Metabolic pathway engineering for fatty acid ethyl ester production in Saccharomyces cerevisiae using stable chromosomal integration
Artikel i vetenskaplig tidskrift, 2015
Fatty acid ethyl esters are fatty acid derived molecules similar to first generation biodiesel (fatty acid methyl esters; FAMEs) which can be produced in a microbial cell factory. Saccharomyces cerevisiae is a suitable candidate for microbial large scale and long term cultivations, which is the typical industrial production setting for biofuels. It is crucial to conserve the metabolic design of the cell factory during industrial cultivation conditions that require extensive propagation. Genetic modifications therefore have to be introduced in a stable manner. Here, several metabolic engineering strategies for improved production of fatty acid ethyl esters in S. cerevisiae were combined and the genes were stably expressed from the organisms' chromosomes. A wax ester synthase (ws2) was expressed in different yeast strains with an engineered acetyl-CoA and fatty acid metabolism. Thus, we compared expression of ws2 with and without overexpression of alcohol dehydrogenase (ADH2), acetaldehyde dehydrogenase (ALD6) and acetyl-CoA synthetase (acs(SE)(L641P)) and further evaluated additional overexpression of a mutant version of acetyl-CoA decarboxylase (ACC1(S1157A,) (S659A)) and the acyl-CoA binding protein (ACB1). The combined engineering efforts of the implementation of ws2, ADH2, ALD6 and acs(SE)(L641P), ACC1(S1157A, S659A) and ACB1 in a S. cerevisiae strain lacking storage lipid formation (are1 Delta, are2 Delta, dga1 Delta and lro1 Delta) and beta-oxidation (pox1 Delta) resulted in a 4.1-fold improvement compared with sole expression of ws2 in S. cerevisiae.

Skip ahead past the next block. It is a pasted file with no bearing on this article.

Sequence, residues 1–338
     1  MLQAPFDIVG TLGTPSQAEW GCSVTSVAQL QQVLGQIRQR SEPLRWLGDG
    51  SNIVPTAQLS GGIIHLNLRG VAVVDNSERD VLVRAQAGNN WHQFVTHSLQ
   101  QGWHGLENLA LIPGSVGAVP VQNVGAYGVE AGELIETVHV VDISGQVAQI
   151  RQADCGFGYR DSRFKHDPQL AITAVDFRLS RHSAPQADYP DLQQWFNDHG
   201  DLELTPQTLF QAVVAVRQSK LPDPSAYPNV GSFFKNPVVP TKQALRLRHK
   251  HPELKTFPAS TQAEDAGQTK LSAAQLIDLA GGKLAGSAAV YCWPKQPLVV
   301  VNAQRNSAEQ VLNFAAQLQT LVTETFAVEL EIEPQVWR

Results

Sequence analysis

Fatty acid ethyl ester (FAEE)
Metabolic pathway engineering